Coming Prepared

Submitted by Ricardo A. Bilton

Picture this:

It's the middle of February and you are on the roof of a two-story home. You are leaned over the edge, nails in your mouth and a hammer in your right hand, ready to strike. It's cold. Real cold. The wind is whipping around you, blowing frigid, painful air into your face, causing your nose to run uncontrollably. Your gloveless hands ache for warmth and much of your heat has escaped from your head. The sweatshirt you brought is doing little to prevent the cold air from hitting your chest. If only you had come prepared!

Though rare, these kinds of conditions do occur. However, you can still avoid meeting the hypothetical fate detailed above. Building houses occurs outside. Thus, you are subject to the weather's whims and rages in both the summer and the winter. Let's go through some of the things you might want to bring with you to the Habitat site.

 

Summer.

Water.

Water is a must. Hot days happen more often than not during the summer and dehydration is rarely beneficial. Habitat tries its hardest to provide volunteers with refreshments on-site, but it is not always possible. Thus, you will find it useful to bring your own water.

Bug Repellent.

Because the Stanley Street site flanks a field of tall grass, insects sometimes make their way to the bodies of volunteers. Horse flies and mosquitoes are among the winged nuisances that will quickly make work of your supple body if you don't protect it.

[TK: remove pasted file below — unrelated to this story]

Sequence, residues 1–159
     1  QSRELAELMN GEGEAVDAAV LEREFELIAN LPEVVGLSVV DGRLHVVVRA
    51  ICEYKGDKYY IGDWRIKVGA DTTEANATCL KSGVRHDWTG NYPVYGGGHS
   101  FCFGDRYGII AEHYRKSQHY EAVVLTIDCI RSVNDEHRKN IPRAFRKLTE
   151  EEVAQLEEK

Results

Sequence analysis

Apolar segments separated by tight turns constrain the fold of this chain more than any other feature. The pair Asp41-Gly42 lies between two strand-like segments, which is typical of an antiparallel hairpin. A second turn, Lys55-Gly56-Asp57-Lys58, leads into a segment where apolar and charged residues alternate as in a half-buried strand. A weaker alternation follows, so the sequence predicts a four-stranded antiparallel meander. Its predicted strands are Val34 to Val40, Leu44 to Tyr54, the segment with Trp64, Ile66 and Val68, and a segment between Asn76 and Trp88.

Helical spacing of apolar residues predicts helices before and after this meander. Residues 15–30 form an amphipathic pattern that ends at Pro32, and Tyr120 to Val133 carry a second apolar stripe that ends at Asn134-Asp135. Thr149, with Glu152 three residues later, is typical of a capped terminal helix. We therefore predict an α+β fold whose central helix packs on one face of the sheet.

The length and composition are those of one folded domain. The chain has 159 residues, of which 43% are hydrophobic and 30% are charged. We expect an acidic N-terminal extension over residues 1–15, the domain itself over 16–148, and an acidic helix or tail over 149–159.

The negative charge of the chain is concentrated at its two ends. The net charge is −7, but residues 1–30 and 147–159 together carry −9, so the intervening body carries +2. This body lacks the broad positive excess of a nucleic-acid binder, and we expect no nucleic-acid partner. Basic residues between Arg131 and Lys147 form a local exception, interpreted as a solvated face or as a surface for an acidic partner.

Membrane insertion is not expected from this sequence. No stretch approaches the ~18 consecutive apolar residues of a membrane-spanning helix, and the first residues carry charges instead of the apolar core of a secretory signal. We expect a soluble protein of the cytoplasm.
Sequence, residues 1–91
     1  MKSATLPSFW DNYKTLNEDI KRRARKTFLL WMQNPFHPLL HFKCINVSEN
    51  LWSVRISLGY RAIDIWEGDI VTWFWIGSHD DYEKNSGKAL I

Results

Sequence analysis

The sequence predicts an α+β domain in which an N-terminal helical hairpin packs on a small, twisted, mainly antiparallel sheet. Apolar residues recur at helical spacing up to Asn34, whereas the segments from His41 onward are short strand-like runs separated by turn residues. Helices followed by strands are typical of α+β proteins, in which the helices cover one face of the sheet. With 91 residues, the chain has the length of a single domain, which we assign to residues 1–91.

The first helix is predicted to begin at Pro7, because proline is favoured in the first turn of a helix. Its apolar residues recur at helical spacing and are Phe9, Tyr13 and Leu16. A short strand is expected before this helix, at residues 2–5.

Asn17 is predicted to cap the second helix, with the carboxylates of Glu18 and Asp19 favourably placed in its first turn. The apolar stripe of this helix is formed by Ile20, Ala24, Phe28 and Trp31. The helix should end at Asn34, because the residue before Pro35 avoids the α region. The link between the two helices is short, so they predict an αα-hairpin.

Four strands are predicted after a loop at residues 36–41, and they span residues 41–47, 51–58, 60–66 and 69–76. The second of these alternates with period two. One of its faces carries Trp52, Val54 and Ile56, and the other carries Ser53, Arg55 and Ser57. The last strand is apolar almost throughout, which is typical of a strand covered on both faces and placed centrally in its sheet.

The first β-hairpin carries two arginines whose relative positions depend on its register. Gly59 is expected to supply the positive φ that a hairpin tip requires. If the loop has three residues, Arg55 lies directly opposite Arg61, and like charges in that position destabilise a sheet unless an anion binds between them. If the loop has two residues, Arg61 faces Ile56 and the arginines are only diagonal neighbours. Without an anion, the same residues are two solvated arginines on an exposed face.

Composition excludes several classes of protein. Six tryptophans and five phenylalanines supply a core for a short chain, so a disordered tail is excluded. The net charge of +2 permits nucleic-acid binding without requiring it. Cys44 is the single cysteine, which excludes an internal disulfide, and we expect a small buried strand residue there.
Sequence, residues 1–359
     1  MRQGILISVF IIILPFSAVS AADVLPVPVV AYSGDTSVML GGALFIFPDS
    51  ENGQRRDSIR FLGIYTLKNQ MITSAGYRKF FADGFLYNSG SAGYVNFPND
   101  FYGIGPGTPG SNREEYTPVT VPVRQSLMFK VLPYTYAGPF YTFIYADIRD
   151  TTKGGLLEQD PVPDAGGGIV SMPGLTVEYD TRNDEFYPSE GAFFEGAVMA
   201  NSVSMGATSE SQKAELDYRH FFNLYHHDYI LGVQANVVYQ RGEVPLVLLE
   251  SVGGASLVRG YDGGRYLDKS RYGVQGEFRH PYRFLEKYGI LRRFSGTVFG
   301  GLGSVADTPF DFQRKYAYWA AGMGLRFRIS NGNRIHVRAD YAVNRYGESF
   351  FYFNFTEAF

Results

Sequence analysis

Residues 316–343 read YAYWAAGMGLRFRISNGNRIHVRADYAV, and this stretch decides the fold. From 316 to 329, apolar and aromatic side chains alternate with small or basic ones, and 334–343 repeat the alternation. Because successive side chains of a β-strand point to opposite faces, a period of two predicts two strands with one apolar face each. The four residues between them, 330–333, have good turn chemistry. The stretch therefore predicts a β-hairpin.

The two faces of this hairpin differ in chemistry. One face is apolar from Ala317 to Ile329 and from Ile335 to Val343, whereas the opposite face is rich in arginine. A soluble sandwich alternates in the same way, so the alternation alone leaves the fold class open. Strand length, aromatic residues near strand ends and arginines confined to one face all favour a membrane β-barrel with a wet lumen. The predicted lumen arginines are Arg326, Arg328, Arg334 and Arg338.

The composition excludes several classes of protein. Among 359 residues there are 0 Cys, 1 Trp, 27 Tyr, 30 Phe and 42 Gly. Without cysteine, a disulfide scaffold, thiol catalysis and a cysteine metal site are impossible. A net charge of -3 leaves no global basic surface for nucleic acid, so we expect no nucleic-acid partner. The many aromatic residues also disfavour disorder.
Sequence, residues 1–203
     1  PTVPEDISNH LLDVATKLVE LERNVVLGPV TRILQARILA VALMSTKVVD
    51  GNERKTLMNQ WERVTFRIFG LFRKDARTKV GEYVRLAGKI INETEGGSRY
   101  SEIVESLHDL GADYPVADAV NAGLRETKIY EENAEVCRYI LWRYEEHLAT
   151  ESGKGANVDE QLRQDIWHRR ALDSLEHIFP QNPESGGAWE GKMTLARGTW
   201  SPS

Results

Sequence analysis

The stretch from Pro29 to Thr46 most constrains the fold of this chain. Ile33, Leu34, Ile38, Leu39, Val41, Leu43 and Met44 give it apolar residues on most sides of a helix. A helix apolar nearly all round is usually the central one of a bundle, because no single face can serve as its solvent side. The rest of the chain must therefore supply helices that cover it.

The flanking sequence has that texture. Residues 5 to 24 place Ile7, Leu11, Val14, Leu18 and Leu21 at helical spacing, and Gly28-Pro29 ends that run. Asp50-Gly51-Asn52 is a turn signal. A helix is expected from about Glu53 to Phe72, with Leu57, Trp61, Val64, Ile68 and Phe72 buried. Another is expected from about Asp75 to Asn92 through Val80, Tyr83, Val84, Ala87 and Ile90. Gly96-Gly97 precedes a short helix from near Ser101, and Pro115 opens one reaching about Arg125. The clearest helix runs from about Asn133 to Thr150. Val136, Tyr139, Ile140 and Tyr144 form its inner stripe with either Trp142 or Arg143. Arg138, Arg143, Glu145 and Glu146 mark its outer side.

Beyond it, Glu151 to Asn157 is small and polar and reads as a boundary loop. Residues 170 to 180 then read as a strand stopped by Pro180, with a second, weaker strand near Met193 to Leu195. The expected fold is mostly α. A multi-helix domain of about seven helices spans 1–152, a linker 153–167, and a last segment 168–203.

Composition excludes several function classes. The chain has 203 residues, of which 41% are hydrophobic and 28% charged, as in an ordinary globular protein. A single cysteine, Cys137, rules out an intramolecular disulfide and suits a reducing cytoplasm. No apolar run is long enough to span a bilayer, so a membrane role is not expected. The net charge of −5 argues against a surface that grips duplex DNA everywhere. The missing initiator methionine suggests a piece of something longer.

Sunblock.

This should be obvious. The sun + outside + Five hours = sun burn. Sun burns hurt. Protect yourself.

Sunglasses/visors/hats.

You are not much use to anyone when you are blinded by the sun.

Stanley Street volunteers are especially lucky because the homes were built withheating and cooling efficiency in mind. Thus, the house is cool in the summer and warm in the winter.

Winter.

A Hat.

It is well-known that much of your body heat escapes via your head. A thin, warm hat that covers your ears will save you much pain and heat loss.

Gloves.

There is little worse than using a hammer (or any tool) with cold hands. A warm pair of gloves will do you well.

Layered Clothing.

Though you may begin the day cold and shriveling, after a few swings of a hammer and enough walking about you will undoubtedly feel a bit warmer. This is one of the more welcome surprises about cold-weather construction. Thus, it may be beneficial for you to layer your clothing in some way.

In addition, it may end up being so cold that wearing long underwear becomes essential. It depends on the day's weather.

Boots.

There is a reason why consrution workers always wear constuction boots. Sturdy shoes save toes.